Narrative Assessment: bringing out the story of your advocacy  

November 13, 2018

Carrying out monitoring, evaluating and learning for advocacy is notoriously difficult. Efforts usually do not lead to impact directly. Many actors and factors influence how change occurs, and evidence is hard to come by.

To address these challenges, Hivos and Wageningen University have developed a new monitoring & evaluation (M&E) method for advocacy: “Narrative Assessment.” It centers on the creation of credible stories about advocacy processes, achievements and challenges. These stories are co-written by an advocate and a trained narrative assessment facilitator. The facilitator helps the advocate to create a real-life story about doing advocacy work.

Is your organization struggling to monitor and evaluate its advocacy work?

This method generates stories that differ from stories produced through other approaches, such as Most Significant Change or Outcome Harvesting. Narrative assessment stories have advocates as protagonists. They let readers follow the ins and outs of advocacy, thus portraying this area of expertise in a compelling, personal way. Importantly, the method emphasizes the plausibility and strength of stories, then puts these to the test by backing up and critically examining the claims made by the advocate. Narrative assessment stories developed in this way can help organizations, stakeholders and donors understand the goals of advocacy, learn from its results, (re-)strategize and improve or (re)design communication.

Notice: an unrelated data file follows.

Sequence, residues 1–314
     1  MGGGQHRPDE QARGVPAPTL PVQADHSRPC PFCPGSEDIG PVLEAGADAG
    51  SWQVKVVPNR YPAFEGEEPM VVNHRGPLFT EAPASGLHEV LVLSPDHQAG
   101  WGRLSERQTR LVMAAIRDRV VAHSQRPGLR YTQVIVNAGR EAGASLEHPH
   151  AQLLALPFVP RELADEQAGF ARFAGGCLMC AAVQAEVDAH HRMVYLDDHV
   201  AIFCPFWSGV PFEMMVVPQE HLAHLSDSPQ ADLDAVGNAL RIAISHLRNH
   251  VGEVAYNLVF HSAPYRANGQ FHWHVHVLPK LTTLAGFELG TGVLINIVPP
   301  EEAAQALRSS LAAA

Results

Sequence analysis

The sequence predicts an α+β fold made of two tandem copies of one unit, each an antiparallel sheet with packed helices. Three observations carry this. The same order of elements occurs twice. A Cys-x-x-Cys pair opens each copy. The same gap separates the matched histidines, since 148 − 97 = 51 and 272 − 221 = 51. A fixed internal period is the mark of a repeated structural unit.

Narrative assessment builds on Theory of Change thinking and story-telling. It does not compete with the other methods mentioned above, but supports a meaningful use of their findings.

Narrative assessment for advocacy has been developed together by Margit van Wessel of Wageningen University & Research (WUR) and Wenny Ho of Hivos.

Is your organization struggling to monitor and evaluate its advocacy work in a more meaningful way? Does your organization find it challenging to communicate results achieved through advocacy? Have a look at this: http://www.hivos.org/narrative-assessment